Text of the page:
This, then, causes changes in an energetic system that everything in the universe can detect and interact with... except for humans (presumably because we're just kind of dumb):
All energy systems, except humans, are connected vertically with the Source and HIS/HER inexhaustible flow of universal life force energy, maintaining what we call the energetic continuum...  This structure we find with all life forms as a basic energetic matrix, which keeps our entire universe interconnected. 
And we're given a list of positive results that will occur from all of this hocus-pocus:

Applications

  • Dissolve pain
  • Reduce stress
  • Bring wellness and youthing to the body
  • Optimise sports performance
  • Neutralise harmful electromagnetic fields
  • Neutralise the harmful effects of mobile phone use
  • Charge water with life enhancing energy
  • Raise consciousness
Now, so far, how is this different from any other woo-woo nonsense out there?  Wouldn't this still fall into the realm of the testable?  The answer is no, and here's the really clever bit that sets them apart from your run-of-the-mill purveyor of pseudoscience:
A human system naturally goes through cycles of order and chaos on its path of evolution. When it is unable to adapt to more stress in its life the crisis comes to a peak. This is called a Bifurcation point.

At this point the body will either go into chaos (begin manifesting an illness which may have been latent for years), or it will move to better health. Using Tachyon will speed the energetic blockage to a bifurcation point and transform the problem, which may bring insights or understanding of the underlying cause.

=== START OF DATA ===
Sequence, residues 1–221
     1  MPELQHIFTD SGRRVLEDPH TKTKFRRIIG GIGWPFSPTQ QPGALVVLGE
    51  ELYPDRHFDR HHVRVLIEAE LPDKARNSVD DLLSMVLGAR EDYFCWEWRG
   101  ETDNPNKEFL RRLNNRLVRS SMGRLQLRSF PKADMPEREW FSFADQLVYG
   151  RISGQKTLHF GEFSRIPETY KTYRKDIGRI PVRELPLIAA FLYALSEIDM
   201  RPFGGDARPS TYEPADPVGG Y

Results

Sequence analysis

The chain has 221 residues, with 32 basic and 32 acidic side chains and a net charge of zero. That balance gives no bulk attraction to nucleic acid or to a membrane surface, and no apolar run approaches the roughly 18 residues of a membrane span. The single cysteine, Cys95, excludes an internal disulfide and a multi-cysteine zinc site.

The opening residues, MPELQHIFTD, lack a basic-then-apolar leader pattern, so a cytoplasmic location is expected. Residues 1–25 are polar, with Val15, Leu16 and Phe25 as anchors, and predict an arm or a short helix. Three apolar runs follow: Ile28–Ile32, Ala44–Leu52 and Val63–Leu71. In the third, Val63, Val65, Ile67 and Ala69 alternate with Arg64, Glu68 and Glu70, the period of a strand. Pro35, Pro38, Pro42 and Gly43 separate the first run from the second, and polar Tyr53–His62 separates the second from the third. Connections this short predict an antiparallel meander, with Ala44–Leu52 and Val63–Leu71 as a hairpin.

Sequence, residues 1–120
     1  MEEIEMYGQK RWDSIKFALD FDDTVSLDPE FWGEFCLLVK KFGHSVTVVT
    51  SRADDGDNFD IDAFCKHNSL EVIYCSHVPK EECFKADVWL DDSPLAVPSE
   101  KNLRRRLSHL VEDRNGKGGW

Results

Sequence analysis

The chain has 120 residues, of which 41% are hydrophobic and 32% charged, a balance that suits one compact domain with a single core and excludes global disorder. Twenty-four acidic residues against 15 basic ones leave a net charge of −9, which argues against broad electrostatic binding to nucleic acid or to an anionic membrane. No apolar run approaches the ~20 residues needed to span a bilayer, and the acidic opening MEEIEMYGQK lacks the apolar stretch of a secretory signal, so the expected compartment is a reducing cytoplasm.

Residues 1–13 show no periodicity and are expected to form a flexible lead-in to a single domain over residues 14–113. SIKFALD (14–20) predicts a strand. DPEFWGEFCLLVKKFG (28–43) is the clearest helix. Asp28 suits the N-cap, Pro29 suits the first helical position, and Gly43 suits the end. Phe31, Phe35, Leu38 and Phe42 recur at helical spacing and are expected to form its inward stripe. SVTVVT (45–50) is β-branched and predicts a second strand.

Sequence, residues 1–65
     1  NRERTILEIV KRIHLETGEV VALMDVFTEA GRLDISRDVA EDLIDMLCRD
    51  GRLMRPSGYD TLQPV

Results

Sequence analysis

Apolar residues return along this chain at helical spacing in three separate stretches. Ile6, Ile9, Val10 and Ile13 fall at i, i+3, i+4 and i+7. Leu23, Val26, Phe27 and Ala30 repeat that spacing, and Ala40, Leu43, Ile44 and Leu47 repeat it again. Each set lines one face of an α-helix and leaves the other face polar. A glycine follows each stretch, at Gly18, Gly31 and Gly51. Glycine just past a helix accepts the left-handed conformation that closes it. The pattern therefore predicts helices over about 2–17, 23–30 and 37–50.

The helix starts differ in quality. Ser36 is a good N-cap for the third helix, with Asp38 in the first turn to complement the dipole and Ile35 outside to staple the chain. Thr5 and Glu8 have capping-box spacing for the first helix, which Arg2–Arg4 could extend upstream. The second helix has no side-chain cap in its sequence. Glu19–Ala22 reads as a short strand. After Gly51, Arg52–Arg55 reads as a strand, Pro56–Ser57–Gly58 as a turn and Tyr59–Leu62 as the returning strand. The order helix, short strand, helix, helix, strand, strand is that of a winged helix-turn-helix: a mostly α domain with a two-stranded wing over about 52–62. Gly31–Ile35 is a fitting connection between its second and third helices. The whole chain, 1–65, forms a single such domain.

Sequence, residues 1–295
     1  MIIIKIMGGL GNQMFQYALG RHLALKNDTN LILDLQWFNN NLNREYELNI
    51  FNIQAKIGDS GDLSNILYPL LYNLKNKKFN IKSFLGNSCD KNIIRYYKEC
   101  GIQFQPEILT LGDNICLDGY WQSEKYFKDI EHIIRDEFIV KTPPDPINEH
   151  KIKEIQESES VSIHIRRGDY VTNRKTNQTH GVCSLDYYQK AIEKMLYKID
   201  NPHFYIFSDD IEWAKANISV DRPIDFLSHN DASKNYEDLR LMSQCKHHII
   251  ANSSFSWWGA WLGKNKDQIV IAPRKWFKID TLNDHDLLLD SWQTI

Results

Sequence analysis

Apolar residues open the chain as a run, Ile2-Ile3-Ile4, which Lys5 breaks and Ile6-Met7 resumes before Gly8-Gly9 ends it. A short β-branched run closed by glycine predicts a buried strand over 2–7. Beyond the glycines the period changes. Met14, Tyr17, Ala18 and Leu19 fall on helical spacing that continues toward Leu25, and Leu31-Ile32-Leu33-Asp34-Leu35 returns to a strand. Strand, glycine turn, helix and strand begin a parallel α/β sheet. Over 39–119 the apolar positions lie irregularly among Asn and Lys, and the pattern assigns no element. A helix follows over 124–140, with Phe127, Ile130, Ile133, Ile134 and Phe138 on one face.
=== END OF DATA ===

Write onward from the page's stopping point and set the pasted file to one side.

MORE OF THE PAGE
See what they did, there?  You're supposed to buy all of the "tachyonized" crystals and disks and everything, because they (1) emit a particle that is inherently impossible to detect, which interacts with (2) an energy system in your body that is inherently impossible to detect, and that will result in (3) any physical conditions you have either getting better or worse depending on which path you needed to take at the "Bifurcation Point."

Oh, but by all means, you should buy the crystals and disks and all.  They have case studies.  They have testimonials.  All you have to do, apparently, is believe, and you can return to Kansas any time you want.
 

Of course, what bugs me here is that there are people with legitimate medical conditions who are being suckered by hucksters like this, and who aren't going to get the treatments they need because they would rather waste their money  being "tachyonized."  And in some sense, the people who are convinced by these snake oil salesmen are gullible enough that they have no one to blame but themselves if they get fooled.

But part of me still gets angry.  Getting rich off of people who don't understand how science works, who are swayed by big words and subtle pretzel logic, just isn't nice.  I know that there is no way to stop them; they've been too clever at crafting their argument so that it is experimentally irrefutable.  Staying with The Wizard of Oz theme,some days it'd just be nice if there was a skeptic's version to the Flying Monkeys, that could just... take care of things for me.


But I suppose, honestly, that that isn't nice, either.

The only answer, as always, is in getting people to understand how science works.  So, toward that end, I'd better wrap this up and go off to eat my un-tachyonized breakfast, and take my slower-than-the-speed-of-light car to school, where I can hopefully do my part in immunizing my students against falling for this sort of unscientific bullshit.